By ROBERT HEROLD & r & & r & & lt;span class= & quot;dropcap & quot; & O & lt;/span & n Saturday, Nov. 10, four days after the election, ballots were still being counted and Mayor Hession finally conceded. The election story gone stale; the Spokesman-Review made only a one-sentence mention of the continuing count in its Friday issue. As early as Wednesday night, the evening television news had moved on to more pressing matters -- the lead story on one station was GU's first basketball game of the season (an exhibition game!). In the meantime our county elections stalwarts continued counting ballots at glacial speed. I drove to one candidate's election-night gathering only to find an almost-empty parking lot. Oh, I was told, the vote counters went home at 10 pm.

Went home? On election night?

Right then the drama was drained out of the election. Lost was the excitement of the contest, the feeling of civic involvement and the sense of event. All gone, drowned in a sea of bureaucratic blandness. Then came the delays that served to further reduce the symbolic importance of the election. It had been transformed into just one more undistinguishable government-run event, an interminable process that eventually produced winners but must have had the unintended consequences of contributing to voter alienation and loss of interest in all things civic. Imagine Fourth of July fireworks being delayed until July 7.

Surely, this isn't what the state intended when it opened up absentee ballots to any and all without condition. Nor is it what Spokane County intended by closing down polling sites in response to the surge in absentee voting requests. With the ballot validation process now centralized, the counting process has become linear and sequential rather than simultaneous and efficient. So even if you aren't persuaded by my civic argument, the case can be made for polling sites on grounds of efficiency: When validation is made at many sites, the time needed to validate any ballot will be reduced.

& lt;span class= & quot;dropcap & quot; & S & lt;/span & upporters of mail-in ballots assert that the county saves money and that the mail-in procedure produces higher voter turnout. Besides, they point out, so many polling sites had become lonely places, a reflection of all the absentee ballots previously requested. They cite Oregon, which reports high satisfaction with its statewide mail-in ballot.

Well, yes, Oregon uses paper mail-in ballots. But there the comparison to Spokane falls apart. Contributing to our endless vote count is the Washington state RCW requiring only that ballots be postmarked before or on Election Day. A postmark deadline matters not a whit, unless turnaround time matters. Consider your tax returns -- a month, six weeks to get your refund back, who's counting? But when time matters, as is the case when the public awaits the outcome of an election?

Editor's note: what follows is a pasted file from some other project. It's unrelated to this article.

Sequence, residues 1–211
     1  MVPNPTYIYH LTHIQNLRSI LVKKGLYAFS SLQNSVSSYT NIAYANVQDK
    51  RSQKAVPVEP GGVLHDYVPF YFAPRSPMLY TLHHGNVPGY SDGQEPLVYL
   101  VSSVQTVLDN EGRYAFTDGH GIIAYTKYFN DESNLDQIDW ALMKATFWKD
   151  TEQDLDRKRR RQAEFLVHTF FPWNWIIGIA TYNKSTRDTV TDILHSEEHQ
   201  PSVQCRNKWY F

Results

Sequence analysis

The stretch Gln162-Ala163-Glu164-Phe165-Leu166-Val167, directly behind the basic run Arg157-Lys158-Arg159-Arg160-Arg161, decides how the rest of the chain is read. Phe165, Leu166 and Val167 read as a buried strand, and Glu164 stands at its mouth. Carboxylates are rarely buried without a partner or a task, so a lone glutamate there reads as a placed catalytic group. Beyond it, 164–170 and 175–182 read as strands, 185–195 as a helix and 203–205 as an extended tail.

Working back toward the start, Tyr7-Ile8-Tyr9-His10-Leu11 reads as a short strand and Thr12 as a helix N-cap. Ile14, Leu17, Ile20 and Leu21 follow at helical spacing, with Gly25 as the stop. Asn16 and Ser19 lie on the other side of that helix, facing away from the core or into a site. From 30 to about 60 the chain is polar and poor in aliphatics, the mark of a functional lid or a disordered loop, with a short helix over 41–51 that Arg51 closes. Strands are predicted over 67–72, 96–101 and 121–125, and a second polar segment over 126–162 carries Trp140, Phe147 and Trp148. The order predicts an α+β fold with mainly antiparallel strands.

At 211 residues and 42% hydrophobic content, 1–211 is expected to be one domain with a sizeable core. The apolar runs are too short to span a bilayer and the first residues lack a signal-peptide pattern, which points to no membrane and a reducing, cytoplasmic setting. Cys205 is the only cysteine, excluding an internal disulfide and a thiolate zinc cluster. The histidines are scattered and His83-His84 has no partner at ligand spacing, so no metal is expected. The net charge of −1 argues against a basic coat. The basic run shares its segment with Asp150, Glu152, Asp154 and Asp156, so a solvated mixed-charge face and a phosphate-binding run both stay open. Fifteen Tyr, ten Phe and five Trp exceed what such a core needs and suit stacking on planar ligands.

To allow ballots to trickle in for two or maybe three days is loony. In Oregon, voters are held responsible for getting their ballots to election central by the time the polls close. Those ballots are counted, and those alone. They don't care about your postmark. In Oregon, if you snooze you lose. As a result, the Oregon election authorities guarantee results by the following morning.

And about those claimed cost savings: First, Spokane County passes off some expenses to the voter in the form of what amounts to a poll tax. I refer to the stamp you have to put on your ballot. (I have to believe that this has been litigated -- after all, poll taxes are unconstitutional.) This reverse subsidy, even allowing for hand deliveries, amounted this past election -- even with its relatively low turnout -- to upwards of $50,000.

Nor does the cost-saving charade stop with the reverse subsidy. In order to do what Oregon does -- that is, get the results out by the next day -- our county commissioners would have to authorize the necessary overtime, which would mean additional expenses. Put another way, the county saves money indirectly by dragging out the vote count job. These are not real savings.

I suspect also that the time lapse between the mailing of the ballot (three weeks ahead) and Election Day must have the effect of altering the voting pattern. I have seen nothing from the county to suggest they have the data to say one way or the other, but intuitively there simply must be some effect. Suppose, for example, that sometime in the final week of the campaign, after more than half the ballots have been mailed back, a certain candidate is caught in a sting operation in, say, Minneapolis. No effect?

& lt;span class= & quot;dropcap & quot; & R & lt;/span & ecommendations? The postmark rule should be changed; furthermore, the county should consider restoring at least some polling sites in the interest of encouraging civic involvement while simplifying logistics. Polling sites could be returned to those neighborhoods that show a history of low absentee requests. As an added benefit, the county could require those who live in precincts designated for polling sites but who wish to continue using the mail-in ballot to deliver the ballot to the designated polling sites where validation can take place on the spot, thereby saving more time. Finally, mailing out ballots three weeks in advance is a bad idea. Things change. Let's not forget the Larry Craig rule. Voters should be given a week, no more.

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